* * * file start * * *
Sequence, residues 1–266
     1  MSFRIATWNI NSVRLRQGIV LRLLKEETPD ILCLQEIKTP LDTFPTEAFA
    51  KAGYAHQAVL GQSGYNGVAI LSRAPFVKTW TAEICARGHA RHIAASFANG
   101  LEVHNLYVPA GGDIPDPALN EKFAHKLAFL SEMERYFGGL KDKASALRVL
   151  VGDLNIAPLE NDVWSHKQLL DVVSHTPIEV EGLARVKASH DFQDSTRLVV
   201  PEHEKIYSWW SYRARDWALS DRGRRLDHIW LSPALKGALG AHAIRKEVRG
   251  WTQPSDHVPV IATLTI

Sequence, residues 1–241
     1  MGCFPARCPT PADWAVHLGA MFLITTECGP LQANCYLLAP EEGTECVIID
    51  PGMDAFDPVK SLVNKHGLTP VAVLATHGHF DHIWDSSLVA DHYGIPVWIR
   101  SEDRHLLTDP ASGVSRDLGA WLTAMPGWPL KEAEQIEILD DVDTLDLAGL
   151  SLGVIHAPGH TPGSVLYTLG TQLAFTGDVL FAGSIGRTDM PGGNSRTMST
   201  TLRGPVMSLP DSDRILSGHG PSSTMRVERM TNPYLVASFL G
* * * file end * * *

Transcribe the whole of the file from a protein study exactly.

Sequence, residues 1–266
     1  MSFRIATWNI NSVRLRQGIV LRLLKEETPD ILCLQEIKTP LDTFPTEAFA
    51  KAGYAHQAVL GQSGYNGVAI LSRAPFVKTW TAEICARGHA RHIAASFANG
   101  LEVHNLYVPA GGDIPDPALN EKFAHKLAFL SEMERYFGGL KDKASALRVL
   151  VGDLNIAPLE NDVWSHKQLL DVVSHTPIEV EGLARVKASH DFQDSTRLVV
   201  PEHEKIYSWW SYRARDWALS DRGRRLDHIW LSPALKGALG AHAIRKEVRG
   251  WTQPSDHVPV IATLTI

Sequence, residues 1–241
     1  MGCFPARCPT PADWAVHLGA MFLITTECGP LQANCYLLAP EEGTECVIID
    51  PGMDAFDPVK SLVNKHGLTP VAVLATHGHF DHIWDSSLVA DHYGIPVWIR
   101  SEDRHLLTDP ASGVSRDLGA WLTAMPGWPL KEAEQIEILD DVDTLDLAGL
   151  SLGVIHAPGH TPGSVLYTLG TQLAFTGDVL FAGSIGRTDM PGGNSRTMST
   201  TLRGPVMSLP DSDRILSGHG PSSTMRVERM TNPYLVASFL G